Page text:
"We got a lot of complaints at the beginning of the year," Smethers 
said. "People grew there before so the neighbors want to get at the 
top of the list. We didn't start inspecting until the end of March. 
We gave it some time, due to the weather. We're just seeing plants 
going in. Greenhouses are the big thing; we see them popping up everywhere."

According to Smethers, his deputies are seeing so many grows they 
could conduct compliance checks 24-7 all year long. The citations now 
are much quicker to issue, he said, because deputies don't have to 
spend as much time measuring grows - they just have count the 12 legal plants.

Abatements, Smethers said, will be to get any grows into compliance,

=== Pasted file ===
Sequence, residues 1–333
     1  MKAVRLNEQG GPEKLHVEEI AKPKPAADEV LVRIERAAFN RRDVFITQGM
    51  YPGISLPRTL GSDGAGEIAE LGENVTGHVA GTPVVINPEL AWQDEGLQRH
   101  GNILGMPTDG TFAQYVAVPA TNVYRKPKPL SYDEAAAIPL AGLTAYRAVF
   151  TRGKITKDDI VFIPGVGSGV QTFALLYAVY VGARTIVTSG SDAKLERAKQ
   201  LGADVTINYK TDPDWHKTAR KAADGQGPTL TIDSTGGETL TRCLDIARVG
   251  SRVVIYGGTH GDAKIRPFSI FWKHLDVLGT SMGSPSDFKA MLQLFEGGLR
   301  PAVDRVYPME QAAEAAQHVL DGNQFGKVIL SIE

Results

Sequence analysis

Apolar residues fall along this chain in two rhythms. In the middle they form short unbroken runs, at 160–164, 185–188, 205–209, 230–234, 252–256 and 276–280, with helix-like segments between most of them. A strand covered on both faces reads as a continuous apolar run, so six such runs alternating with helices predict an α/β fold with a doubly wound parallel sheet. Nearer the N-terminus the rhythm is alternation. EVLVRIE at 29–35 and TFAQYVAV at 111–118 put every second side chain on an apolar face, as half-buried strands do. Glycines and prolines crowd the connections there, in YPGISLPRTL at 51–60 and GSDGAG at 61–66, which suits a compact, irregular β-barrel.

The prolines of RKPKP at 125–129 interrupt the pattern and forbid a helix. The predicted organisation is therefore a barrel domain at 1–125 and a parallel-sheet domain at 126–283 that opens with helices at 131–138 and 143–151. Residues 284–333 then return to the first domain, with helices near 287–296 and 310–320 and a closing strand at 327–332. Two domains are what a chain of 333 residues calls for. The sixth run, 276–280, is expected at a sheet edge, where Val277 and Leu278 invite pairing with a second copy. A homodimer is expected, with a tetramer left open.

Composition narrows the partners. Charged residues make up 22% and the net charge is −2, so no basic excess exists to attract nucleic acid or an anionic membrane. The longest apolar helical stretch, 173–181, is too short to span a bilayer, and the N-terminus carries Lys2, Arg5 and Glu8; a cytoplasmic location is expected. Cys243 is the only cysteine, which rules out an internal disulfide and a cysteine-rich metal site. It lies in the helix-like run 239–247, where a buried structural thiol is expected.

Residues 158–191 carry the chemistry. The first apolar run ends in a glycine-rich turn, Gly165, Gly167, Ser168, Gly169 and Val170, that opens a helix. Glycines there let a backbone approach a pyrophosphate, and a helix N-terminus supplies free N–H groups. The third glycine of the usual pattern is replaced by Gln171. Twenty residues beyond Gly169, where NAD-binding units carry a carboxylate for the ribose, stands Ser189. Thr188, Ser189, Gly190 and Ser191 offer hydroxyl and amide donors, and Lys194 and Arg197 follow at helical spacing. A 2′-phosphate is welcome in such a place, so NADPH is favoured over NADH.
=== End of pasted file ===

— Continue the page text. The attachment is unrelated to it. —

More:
to 12 plants indoors and no outdoor plants.

"We're not trying to be heavy-handed," he said.

"Some growers are complying," Smethers added. "We've had a lot of 
people saying they had no idea (there was an outdoor ban). They 
thought it went into effect after the election (in June) ... It's 
frustrating. The growers that come out and say they want to work with 
us, a lot of them aren't."

Smethers said the Sheriff's office is hoping to simplify the process 
even further, possibly streamlining and shortening the appeal and 
abatement process.

"Doing away with outdoor grows is not going to affect the economy," 
Smethers said. "This county has been around a long time. It's not 
going to destroy Nevada County - it will be a better quality of life, 
for people to enjoy the community."
- ---
MAP posted-by: Jay Bergstrom